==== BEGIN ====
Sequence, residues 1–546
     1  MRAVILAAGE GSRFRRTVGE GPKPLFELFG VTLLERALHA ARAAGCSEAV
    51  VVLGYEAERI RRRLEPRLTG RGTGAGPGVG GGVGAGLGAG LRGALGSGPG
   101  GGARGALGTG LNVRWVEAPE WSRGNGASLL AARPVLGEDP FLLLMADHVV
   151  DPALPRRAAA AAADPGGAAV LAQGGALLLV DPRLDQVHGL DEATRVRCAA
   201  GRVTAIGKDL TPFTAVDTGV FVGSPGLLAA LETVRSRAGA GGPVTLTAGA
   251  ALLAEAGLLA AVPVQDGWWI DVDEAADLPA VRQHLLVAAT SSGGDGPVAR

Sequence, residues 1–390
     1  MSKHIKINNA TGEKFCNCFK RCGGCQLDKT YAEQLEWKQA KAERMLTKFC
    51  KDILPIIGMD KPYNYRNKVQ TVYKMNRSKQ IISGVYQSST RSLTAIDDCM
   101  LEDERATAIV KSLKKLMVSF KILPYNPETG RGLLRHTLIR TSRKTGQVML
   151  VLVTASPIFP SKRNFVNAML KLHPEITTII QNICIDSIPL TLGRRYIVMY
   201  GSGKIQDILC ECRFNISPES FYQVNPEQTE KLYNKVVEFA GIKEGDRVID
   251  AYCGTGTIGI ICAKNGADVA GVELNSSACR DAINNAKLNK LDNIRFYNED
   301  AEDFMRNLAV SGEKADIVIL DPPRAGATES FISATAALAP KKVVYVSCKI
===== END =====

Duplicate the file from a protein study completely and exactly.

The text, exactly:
Sequence, residues 1–546
     1  MRAVILAAGE GSRFRRTVGE GPKPLFELFG VTLLERALHA ARAAGCSEAV
    51  VVLGYEAERI RRRLEPRLTG RGTGAGPGVG GGVGAGLGAG LRGALGSGPG
   101  GGARGALGTG LNVRWVEAPE WSRGNGASLL AARPVLGEDP FLLLMADHVV
   151  DPALPRRAAA AAADPGGAAV LAQGGALLLV DPRLDQVHGL DEATRVRCAA
   201  GRVTAIGKDL TPFTAVDTGV FVGSPGLLAA LETVRSRAGA GGPVTLTAGA
   251  ALLAEAGLLA AVPVQDGWWI DVDEAADLPA VRQHLLVAAT SSGGDGPVAR

Sequence, residues 1–390
     1  MSKHIKINNA TGEKFCNCFK RCGGCQLDKT YAEQLEWKQA KAERMLTKFC
    51  KDILPIIGMD KPYNYRNKVQ TVYKMNRSKQ IISGVYQSST RSLTAIDDCM
   101  LEDERATAIV KSLKKLMVSF KILPYNPETG RGLLRHTLIR TSRKTGQVML
   151  VLVTASPIFP SKRNFVNAML KLHPEITTII QNICIDSIPL TLGRRYIVMY
   201  GSGKIQDILC ECRFNISPES FYQVNPEQTE KLYNKVVEFA GIKEGDRVID
   251  AYCGTGTIGI ICAKNGADVA GVELNSSACR DAINNAKLNK LDNIRFYNED
   301  AEDFMRNLAV SGEKADIVIL DPPRAGATES FISATAALAP KKVVYVSCKI